O Happy Fair – The Loadstars – 2 C flutes, 1 alto flute




Instrumental trio based on The Loadstars by William Shield
This lovely trio is a curiously “out of context” setting by William Shield of words from Shakespeare’s “A Midsummer Night’s Dream”
In Shield’s setting the three voices simply admire a beautiful woman, in enticing harmonies – a fine piece of music deservedly part of the repertoire of vocal trios everywhere;
but in the play the words form part of a speech of jealousy between childhood friends and the potential end of that friendship:

The scene in Shakespeare’s original:
The fairy world – in the form of Puck – has interfered most clumsily with the passions of the human world, with the result that human lovers are confused in their loves:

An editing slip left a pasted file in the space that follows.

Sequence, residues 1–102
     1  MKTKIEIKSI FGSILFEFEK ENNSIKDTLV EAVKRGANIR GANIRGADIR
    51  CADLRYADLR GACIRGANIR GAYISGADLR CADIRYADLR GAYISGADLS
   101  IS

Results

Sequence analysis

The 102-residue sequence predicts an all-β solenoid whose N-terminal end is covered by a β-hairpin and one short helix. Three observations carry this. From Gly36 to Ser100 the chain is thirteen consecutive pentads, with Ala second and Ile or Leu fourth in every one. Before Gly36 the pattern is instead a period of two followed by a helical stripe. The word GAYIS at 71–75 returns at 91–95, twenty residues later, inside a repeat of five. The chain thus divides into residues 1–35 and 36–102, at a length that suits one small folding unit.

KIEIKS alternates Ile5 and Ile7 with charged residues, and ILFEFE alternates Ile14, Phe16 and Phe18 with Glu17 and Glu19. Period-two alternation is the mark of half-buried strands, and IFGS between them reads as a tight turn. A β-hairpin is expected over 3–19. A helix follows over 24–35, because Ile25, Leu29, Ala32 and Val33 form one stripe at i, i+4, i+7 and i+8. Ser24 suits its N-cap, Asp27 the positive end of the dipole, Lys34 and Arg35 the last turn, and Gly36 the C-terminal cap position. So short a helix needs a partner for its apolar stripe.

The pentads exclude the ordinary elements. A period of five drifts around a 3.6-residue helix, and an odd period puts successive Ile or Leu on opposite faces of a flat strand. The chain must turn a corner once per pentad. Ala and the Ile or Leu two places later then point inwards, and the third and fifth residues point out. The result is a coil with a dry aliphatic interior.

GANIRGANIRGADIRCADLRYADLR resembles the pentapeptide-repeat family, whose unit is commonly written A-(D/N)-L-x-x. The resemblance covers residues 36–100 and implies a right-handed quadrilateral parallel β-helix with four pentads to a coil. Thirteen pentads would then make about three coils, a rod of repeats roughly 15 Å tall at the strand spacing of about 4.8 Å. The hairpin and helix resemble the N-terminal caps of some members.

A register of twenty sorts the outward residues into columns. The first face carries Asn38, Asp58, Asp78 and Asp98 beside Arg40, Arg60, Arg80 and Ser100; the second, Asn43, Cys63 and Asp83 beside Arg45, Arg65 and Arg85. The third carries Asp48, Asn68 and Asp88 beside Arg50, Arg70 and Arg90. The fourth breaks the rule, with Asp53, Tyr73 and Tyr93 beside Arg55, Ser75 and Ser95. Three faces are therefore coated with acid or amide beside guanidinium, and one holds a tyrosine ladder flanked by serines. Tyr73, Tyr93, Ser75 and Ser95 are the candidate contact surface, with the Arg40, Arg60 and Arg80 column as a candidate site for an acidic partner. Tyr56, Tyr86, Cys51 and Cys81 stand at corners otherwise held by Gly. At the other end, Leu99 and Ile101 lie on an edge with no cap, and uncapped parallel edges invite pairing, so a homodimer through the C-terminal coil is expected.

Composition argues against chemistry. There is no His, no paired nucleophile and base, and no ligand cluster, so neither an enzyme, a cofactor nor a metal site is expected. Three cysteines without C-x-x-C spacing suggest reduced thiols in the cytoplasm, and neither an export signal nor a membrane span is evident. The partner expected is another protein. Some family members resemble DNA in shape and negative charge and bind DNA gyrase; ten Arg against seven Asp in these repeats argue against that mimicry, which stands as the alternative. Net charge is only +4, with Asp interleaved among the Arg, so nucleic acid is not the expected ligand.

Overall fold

Demetrius, Helena’s lover, now loves her friend Hermia, who doesn’t love him, and he ignores Helena, who loves him but is already becoming somewhat insecure about the powers of her feminine attraction.
Helena is therefore jealous of Hermia’s beauty:

God speed fair Helena! whither away?

Call you me fair? that fair again unsay.
Demetrius loves your fair: O happy fair!
Your eyes are lode-stars; and your tongue’s sweet air
More tuneable than lark to shepherd’s ear,
When wheat is green, when hawthorn buds appear.
Sickness is catching: O, were favour so,
Yours would I catch, fair Hermia, ere I go;
My ear should catch your voice, my eye your eye,
My tongue should catch your tongue’s sweet melody.
Were the world mine, Demetrius being bated,
The rest I’d give to be to you translated.
O, teach me how you look, and with what art
You sway the motion of Demetrius’ heart.

I frown upon him, yet he loves me still.

O that your frowns would teach my smiles such skill!

I give him curses, yet he gives me love.

O that my prayers could such affection move!

The more I hate, the more he follows me.

The more I love, the more he hateth me.

His folly, Helena, is no fault of mine.

None, but your beauty: would that fault were mine!